Top pic. is a late apple blossom. I took the pic. We’ve had a pretty good start to the growing season in Michigan. Frost damage has been relatively minor. The dry pattern we are in is a concern. We did have over 8″ of precipitation in March/April, so deeper soil moisture is still adequate in most areas. Topsoil is dry and rain is needed for germination.
As of early this week, the Crop Moisture Report shows more areas than not had adequate soil moisture. That figure will drop with the update next week.
Corn/soybean planting is slightly ahead of schedule. The USDA reports: “Michigan vegetable producers were on or ahead of schedule for their plantings across most of the state. Tomatoes and peppers were being transplanted in the Southwest, with stakes being installed on some farms.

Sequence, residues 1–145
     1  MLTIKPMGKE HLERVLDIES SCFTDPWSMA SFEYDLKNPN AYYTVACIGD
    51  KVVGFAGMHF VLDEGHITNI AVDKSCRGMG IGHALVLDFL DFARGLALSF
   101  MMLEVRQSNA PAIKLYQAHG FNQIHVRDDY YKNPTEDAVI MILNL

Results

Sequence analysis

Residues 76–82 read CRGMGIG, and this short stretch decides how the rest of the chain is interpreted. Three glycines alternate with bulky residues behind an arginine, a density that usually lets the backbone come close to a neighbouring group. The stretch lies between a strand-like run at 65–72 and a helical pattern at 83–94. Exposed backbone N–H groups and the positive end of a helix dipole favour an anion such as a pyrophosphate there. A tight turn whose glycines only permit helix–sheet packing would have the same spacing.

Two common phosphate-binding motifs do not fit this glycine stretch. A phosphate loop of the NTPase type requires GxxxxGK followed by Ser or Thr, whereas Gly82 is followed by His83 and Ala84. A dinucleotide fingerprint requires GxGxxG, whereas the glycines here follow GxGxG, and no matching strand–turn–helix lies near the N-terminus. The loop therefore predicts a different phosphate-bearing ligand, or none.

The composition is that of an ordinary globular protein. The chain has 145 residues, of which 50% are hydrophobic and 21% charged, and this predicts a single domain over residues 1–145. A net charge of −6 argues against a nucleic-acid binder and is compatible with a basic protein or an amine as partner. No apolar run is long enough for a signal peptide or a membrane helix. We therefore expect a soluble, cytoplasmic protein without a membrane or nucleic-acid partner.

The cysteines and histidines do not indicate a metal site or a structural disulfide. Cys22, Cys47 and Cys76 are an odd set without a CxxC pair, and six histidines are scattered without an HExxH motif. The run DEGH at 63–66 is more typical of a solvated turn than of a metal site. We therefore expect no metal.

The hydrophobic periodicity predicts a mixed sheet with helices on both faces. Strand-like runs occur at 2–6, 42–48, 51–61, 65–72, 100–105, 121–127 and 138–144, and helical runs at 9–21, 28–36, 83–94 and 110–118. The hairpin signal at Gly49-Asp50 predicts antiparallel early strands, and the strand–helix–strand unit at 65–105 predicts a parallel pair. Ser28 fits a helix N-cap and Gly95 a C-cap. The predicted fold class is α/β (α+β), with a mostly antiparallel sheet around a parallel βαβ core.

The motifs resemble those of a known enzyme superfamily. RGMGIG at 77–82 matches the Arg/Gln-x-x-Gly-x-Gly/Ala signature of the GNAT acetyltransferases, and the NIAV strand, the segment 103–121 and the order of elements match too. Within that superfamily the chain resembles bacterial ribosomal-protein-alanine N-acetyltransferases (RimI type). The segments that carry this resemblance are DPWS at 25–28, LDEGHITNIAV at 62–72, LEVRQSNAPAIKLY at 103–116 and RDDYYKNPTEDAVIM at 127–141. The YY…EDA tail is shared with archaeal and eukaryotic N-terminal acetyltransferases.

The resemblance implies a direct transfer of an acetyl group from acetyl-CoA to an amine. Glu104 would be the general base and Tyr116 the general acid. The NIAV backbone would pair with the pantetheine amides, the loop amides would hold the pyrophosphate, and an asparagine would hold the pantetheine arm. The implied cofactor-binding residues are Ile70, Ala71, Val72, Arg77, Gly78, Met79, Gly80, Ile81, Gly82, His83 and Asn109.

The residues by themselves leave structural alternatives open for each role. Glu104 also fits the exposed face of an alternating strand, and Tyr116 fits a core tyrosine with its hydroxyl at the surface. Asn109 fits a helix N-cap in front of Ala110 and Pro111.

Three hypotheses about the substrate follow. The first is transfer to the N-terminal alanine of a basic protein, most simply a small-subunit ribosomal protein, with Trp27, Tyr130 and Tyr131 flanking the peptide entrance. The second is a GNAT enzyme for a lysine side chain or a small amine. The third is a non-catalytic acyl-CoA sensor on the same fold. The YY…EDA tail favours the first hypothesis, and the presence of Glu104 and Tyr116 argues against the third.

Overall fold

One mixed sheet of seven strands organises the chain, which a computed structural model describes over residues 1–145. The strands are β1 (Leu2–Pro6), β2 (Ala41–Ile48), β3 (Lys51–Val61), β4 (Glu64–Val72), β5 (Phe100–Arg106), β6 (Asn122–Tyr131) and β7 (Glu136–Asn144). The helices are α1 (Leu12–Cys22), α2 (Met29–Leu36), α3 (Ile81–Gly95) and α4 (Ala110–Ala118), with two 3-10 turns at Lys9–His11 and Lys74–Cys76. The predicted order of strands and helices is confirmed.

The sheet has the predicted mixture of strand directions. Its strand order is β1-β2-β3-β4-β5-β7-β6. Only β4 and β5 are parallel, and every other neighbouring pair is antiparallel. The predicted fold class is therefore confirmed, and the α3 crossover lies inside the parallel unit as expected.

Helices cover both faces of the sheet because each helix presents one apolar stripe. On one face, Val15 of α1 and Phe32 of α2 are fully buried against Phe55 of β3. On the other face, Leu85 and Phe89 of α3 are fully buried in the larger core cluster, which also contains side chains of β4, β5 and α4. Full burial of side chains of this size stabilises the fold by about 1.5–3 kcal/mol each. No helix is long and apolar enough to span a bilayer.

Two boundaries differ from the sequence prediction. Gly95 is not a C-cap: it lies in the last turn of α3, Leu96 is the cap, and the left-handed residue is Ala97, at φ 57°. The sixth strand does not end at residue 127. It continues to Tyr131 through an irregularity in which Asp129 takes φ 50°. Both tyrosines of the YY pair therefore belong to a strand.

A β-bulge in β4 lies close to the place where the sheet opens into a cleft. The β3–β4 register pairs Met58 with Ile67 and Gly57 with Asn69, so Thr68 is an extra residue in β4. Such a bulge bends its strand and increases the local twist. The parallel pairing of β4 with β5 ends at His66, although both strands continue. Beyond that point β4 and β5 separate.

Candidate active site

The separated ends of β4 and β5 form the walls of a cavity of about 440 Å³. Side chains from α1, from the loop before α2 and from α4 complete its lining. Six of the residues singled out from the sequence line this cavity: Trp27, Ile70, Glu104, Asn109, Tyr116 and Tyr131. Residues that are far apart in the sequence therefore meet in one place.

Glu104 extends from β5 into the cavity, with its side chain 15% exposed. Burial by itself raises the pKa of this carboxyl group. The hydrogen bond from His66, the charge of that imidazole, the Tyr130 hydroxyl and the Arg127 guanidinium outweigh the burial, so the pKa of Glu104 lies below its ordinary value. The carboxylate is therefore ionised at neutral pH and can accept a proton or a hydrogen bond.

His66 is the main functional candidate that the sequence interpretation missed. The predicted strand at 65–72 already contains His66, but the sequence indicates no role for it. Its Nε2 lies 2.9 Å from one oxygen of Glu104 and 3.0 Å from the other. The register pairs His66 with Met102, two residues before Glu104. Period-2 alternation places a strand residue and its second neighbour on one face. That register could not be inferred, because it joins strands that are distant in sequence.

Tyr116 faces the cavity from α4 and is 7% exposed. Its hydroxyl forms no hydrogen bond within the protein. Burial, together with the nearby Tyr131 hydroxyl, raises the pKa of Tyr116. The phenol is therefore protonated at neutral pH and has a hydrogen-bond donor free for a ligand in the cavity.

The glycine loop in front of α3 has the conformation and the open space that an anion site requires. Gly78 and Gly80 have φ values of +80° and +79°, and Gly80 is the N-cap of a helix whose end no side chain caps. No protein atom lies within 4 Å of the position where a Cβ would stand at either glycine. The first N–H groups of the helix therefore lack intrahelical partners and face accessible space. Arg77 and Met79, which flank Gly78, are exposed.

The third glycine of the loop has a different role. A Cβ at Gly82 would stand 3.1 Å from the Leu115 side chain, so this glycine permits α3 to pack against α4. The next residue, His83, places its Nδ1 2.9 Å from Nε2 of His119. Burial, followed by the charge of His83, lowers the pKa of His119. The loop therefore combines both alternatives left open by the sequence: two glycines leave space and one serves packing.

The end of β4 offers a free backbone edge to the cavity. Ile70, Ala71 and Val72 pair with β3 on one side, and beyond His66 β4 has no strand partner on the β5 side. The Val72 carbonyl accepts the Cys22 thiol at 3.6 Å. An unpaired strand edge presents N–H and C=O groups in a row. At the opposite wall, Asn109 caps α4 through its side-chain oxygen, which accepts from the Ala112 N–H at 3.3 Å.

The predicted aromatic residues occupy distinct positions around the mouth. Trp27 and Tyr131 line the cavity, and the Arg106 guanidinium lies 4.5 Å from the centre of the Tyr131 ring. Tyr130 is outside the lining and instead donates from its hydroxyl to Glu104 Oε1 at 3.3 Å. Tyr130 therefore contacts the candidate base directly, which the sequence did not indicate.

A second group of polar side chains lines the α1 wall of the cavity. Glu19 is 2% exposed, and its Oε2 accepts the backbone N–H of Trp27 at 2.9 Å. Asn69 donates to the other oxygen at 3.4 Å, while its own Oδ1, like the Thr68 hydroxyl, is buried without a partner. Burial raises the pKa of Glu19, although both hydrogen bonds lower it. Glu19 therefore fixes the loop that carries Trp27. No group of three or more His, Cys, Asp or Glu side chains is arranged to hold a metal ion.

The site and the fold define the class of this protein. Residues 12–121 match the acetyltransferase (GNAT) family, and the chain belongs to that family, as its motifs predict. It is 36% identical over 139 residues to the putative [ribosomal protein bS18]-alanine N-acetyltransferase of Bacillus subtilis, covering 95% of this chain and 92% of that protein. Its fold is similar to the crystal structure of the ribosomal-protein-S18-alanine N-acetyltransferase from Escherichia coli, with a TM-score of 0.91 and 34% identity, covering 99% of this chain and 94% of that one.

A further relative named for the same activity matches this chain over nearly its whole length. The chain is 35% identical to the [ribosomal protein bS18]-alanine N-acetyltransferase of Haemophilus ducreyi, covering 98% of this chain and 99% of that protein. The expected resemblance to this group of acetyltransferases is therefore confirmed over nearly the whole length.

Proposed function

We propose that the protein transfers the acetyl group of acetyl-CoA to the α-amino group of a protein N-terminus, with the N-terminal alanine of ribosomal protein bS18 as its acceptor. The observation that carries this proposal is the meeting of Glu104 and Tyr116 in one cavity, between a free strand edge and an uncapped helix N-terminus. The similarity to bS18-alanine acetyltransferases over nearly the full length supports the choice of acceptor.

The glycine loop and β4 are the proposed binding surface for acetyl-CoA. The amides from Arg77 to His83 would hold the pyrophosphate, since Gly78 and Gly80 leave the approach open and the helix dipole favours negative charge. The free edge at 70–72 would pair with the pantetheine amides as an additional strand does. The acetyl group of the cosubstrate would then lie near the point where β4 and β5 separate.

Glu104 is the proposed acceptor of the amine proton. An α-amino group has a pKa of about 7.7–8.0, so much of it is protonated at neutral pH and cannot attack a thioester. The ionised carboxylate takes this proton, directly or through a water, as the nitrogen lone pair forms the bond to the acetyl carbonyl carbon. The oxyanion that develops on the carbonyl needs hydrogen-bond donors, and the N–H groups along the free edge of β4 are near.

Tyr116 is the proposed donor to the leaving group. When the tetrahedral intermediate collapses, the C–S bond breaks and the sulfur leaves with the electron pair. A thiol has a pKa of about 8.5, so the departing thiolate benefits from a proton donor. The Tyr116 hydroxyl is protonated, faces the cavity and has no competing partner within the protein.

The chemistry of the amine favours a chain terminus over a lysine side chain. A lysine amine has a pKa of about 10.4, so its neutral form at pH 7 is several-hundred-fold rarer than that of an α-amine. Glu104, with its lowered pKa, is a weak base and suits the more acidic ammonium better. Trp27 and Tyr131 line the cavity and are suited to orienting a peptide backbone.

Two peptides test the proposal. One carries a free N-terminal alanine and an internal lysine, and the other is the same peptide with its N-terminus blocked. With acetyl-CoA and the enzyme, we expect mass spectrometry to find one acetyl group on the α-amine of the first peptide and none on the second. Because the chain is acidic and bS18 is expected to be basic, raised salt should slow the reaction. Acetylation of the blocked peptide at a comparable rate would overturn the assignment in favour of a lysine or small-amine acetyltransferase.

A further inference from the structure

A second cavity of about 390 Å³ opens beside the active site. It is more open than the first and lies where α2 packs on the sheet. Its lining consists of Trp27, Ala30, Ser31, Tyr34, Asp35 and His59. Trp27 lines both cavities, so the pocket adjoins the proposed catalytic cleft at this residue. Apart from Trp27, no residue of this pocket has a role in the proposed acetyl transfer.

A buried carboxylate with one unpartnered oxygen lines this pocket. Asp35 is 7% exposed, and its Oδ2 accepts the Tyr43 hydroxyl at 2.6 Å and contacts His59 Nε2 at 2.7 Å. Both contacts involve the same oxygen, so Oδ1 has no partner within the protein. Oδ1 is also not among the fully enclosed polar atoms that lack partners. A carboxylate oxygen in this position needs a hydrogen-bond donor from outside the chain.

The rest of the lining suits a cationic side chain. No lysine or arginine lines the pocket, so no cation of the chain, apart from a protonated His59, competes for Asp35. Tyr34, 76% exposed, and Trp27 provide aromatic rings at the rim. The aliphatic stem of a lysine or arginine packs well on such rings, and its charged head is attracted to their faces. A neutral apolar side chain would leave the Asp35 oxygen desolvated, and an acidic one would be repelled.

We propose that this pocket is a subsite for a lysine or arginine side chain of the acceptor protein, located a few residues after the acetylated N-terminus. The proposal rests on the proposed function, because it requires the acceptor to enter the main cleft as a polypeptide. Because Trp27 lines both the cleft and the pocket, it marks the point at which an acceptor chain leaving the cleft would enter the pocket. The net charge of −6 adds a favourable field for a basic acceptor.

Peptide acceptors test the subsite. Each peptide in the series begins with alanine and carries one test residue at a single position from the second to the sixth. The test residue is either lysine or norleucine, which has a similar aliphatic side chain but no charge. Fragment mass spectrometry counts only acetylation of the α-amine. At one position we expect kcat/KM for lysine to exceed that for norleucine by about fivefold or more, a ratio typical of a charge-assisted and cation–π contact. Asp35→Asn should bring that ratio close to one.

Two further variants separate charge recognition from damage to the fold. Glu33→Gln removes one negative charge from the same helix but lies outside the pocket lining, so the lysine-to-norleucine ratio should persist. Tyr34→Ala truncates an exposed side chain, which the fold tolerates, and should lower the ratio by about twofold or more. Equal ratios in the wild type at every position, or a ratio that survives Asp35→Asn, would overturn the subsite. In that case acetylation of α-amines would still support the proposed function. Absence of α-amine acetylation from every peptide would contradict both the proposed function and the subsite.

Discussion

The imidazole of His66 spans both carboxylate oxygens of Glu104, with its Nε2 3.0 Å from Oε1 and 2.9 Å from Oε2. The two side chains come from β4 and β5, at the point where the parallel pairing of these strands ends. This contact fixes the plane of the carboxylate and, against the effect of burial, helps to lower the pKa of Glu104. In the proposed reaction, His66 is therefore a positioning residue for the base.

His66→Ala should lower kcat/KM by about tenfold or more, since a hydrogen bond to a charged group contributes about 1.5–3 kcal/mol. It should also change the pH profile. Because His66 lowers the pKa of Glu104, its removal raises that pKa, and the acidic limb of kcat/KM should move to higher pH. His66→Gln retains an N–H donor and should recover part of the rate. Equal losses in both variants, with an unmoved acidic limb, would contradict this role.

The Southwest also saw fresh market cucumbers and squash being seeded. First plantings of sweet corn were up, and cultivation of early cabbage plantings was occurring. Meanwhile, asparagus pickings continued, with the pace of harvest slowing down due to a decrease in temperature.”
Soybean planting has been a little ahead of last year and the 5-year average
Winter wheat condition is a little better than last year at this time.
I stopped and got some more maple syrup. That’s Michigan’s first agricultural crop of the season. I’ve been enjoying some Michigan asparagus.
May 1-25 was 1.1° cooler than average. We should erase that deficit by the end of the month with the warmer pattern.
We have only had one thundershower this month and no severe weather in the state of Michigan so far this May. They have had one tornado in Maine and two in Los Angeles, but none in Michigan – only one wind damage report in Ohio, two marginal severe hail reports in Wisconsin and no severe weather in PA or NY – really quiet month in the Great Lakes.